' MTTLR | Michigan Telecommunications and Technology Law Review

Recent Articles

The 'License as Tax' Fallacy

By  Jonathan M. Barnett
Article, Spring 2022
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Unreasonable: A Strict Liability Solution to the FTC's Data Security Problem

By  James C. Cooper & Bruce H. Kobayashi
Article, Spring 2022
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The Ping-Pong Olympics of Antisuit Injunction in FRAND Litigation

By King Fung Tsang & Jyh-An Lee
Article, Spring 2022
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Content Moderation Remedies

By  Eric Goldman
Article, Fall 2021
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An Empirical Study: Willful Infringement & Enhanced Damages in Patent Law After Halo

By  Karen E. Sandrik
Article, Fall 2021
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Recent Notes

The Best Data Plan Is to Have a Game Plan: Obstacles and Solutions to Reaching International Data Privacy Agreements

By  James Wang
Note, Spring 2022
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Mental Health Mobile Apps and the Need to Update Federal Regulations to Protect Users

By  Kewa Jiang
Note, Spring 2022
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Blog Posts

Familial DNA Searches and Criminal Investigations

From 1975-1986 the notorious Golden State Killer committed 12 murders, 45 rapes, and 120 burglaries across 6 California counties. These crimes remained unsolved until 2018 when police arrested Joseph DeAngelo, a 73 year old United States Navy Veteran and police officer, in his home in Citrus Heights, California. DeAngelo’s crimes were finally solved after all of these years through the use of a novel forensic technology: familial DNA search (FDS). In a traditional DNA search, law enforcement gather DNA material left at a crime scene. They then test that sample to see if it matches the DNA of anyone in a vast database of known offenders, like the FBI’s combined DNA Index System (CODIS), who have previously provided a DNA sample. This type of search couldn’t help solve DeAngelo’s murders though. The traditional search requires a perfect match between the sample DNA taken from the crime scene and someone’s DNA from the database. Since DeAngelo had never been convicted of a crime, he had never given a sample to be entered into CODIS so there was no perfect match for the DNA he left at the scene. In contrast, FDS allows law enforcement officers to analyze DNA samples from a crime scene for imperfect matches of family members from within a DNA database. Here is a simplified explanation of the process. Since DNA is inherited, family members will contain more shared genetic markers than non-related individuals do. As such, if law enforcement finds two sufficiently similar matches, they can, with a reasonable degree of probabilistic certainty, conclude that the two individuals are related. So, using FDS, if law enforcement... read more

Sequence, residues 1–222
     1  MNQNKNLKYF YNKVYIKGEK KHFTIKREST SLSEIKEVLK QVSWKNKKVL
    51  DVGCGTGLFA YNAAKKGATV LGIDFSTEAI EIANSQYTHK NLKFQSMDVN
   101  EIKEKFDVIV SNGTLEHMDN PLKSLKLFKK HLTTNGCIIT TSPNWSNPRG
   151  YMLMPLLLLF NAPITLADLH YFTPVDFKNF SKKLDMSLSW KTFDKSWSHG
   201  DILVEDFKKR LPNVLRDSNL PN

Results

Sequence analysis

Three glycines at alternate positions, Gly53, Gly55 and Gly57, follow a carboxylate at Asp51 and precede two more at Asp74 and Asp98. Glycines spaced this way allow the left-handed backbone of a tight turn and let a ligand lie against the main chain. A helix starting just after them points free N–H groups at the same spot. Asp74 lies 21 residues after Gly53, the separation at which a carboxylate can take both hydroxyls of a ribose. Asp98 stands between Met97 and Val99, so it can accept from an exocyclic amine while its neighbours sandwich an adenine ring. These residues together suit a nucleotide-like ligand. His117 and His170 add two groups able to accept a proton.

Shedding Light on the Data Ecosystem

Introduction The worldwide market for personal data is large and growing, but not widely understood by the average consumer. Consumers are generally unaware of how valuable their data is and there is no comprehensive set of tools to give people an idea of how much of their personal information is being actively traded by various companies. Recent scandals like the Equifax data breach and settlement have brought more scrutiny to the security practices of publicly traded companies that handle consumer data. However, there is an entire industry that is little understood and less regulated that trades exclusively in consumer data.   Third-Party Data Aggregators The consumer data broker industry is a multibillion-dollar industry. Every year companies spend billions looking for insight into consumer behavior and marketing techniques by analyzing user data for spending and browsing habits. There are few laws governing the sale and collection of personal data. While most of the value to companies is in the aggregation of all of this data, there is potential for misuse on a personal level through release of information that can lead to doxxing or stalking. One of these third-party data aggregators came to national attention during the Russian election interference scandals after the 2016 US Presidential Election. A consulting company, Cambridge Analytica, was charged misusing consumer data purchased from Facebook to target likely voters for misinformation campaigns. People rightly questioned why a shady UK consulting company so easily had access to Facebook user data, but the story largely died down without much further discussion of the implications of such a marketplace. Cambridge Analytica shut its doors, but, unsurprisingly, reformulated a... read more